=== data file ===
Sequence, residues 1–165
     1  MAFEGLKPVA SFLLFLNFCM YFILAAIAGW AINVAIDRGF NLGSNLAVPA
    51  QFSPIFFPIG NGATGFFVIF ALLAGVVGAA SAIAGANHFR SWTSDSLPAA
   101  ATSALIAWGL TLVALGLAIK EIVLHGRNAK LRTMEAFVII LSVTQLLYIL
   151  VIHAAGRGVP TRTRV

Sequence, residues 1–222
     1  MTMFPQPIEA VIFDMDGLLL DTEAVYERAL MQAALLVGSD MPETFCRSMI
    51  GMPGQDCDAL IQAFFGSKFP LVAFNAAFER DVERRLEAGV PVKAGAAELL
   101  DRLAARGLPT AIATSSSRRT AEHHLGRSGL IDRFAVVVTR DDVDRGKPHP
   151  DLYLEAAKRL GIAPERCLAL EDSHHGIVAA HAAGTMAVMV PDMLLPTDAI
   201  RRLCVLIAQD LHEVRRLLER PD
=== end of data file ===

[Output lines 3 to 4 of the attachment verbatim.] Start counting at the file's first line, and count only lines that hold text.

    51  QFSPIFFPIG NGATGFFVIF ALLAGVVGAA SAIAGANHFR SWTSDSLPAA
   101  ATSALIAWGL TLVALGLAIK EIVLHGRNAK LRTMEAFVII LSVTQLLYIL